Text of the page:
Jeff VanderMeer has been appointed the 2016-2017 Trias Writer-in-Residence for Hobart and William Smith Colleges, and will be teaching a creative writing course called “Ghost Modules, Months of Secrets, and Dark Matter.” Assuming you’re not currently enrolled in the upstate NY college, he’s also been kind enough to post the basic outline for his seminar, along with a reading list.
This, along VanderMeer’s Wonderbook lecture series, will make for indispensable inspiration for those of you embarking on your own writing projects this fall!
VanderMeer has set up an innovative way to guide students through their reading and writing projects. By dividing the course into themed months (“Mimicry”, “Secrets”, “Freedom”, and “Revelations”) so each writer can gradually figure out their strengths.
The students will use what they learn from these texts and our discussions to create three major works: a short story in which each student takes the same basic plot elements and characters from a published story by an iconic writer and creates their own version; a “fan fic” specific to Aase Berg’s Dark Matter and Amelia Gray’s Gutshot (with the possible intermediary of Donor’s Into the Mysterium; and their own original short story, critiqued in class.
You can head over to VanderMeer’s blog to find the class reading list, which includes Warren Ellis’ Normal and Amelia Gray’s Gutshot, and short works such as “Vaster Than Empires…” by Ursula K. Le Guin, “The Poetry Cloud” by Cixin Liu, Catherynne M. Valente’s “Thirteen Ways of Looking at Space/Time” and (my personal favorite) “The Devil in America” by Kai Ashante Wilson!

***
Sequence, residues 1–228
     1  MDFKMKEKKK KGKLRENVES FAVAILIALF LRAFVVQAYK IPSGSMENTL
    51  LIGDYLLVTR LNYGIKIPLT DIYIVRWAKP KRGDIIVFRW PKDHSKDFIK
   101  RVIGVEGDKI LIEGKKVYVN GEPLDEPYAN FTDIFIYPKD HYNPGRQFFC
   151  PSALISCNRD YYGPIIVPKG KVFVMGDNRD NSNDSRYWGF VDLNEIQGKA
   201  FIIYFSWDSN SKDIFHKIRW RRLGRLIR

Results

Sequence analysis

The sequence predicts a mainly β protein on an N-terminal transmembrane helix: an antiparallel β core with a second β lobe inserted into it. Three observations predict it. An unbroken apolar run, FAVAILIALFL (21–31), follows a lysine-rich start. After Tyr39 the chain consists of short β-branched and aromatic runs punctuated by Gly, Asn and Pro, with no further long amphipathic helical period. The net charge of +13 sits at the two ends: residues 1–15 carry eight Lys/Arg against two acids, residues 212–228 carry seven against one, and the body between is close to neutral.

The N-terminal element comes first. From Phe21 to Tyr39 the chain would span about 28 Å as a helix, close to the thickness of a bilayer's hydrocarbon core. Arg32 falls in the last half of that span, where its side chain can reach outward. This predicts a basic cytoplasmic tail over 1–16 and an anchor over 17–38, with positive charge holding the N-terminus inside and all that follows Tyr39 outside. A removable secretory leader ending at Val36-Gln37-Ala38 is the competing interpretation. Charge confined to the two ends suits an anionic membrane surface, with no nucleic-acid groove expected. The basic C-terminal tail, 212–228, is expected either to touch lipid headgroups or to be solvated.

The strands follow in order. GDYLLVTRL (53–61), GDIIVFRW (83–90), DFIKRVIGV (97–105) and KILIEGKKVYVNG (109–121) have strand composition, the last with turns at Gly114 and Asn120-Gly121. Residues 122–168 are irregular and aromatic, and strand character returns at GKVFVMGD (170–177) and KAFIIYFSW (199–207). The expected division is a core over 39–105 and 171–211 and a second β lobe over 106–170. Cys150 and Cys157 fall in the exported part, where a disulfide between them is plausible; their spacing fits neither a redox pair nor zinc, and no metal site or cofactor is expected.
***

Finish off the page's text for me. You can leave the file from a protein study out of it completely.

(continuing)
He’s also shared his breakdown of the structure of Chimamanda Ngozi Adichie’s Americanah, which he calls “a kind of masterclass on specific detail and nuance when it comes to cultural issues.” Be warned that VanderMeer’s breakdown is highly spoilery, but it also shows how, as an author, you can play with intercutting different points of view to create more three-dimensional characters.
And as if that wasn’t enough, VanderMeer has also shared one of his Wonderbook lectures with Electric Literature. The writer breaks down some of the many, many options you have when you begin thinking about your story’s structure. How would you like to begin? Is the protagonist’s dinner conversation truly necessary? Which character will provide the best point of view for the airship explosion? There’s also a marvelous (but spoilery!) exploration of a pivotal scene in Mervyn Peake’s Ghormenghast. You can read the entire lecture, complete with wonderful illustrations from Jeremy Zerfoss, over at Electric Lit. I’d advise that those of you who have a rough draft of a story set some time aside, read the entire piece, and then have fun playing with some of the suggestions VanderMeer makes. But watch out for story gophers…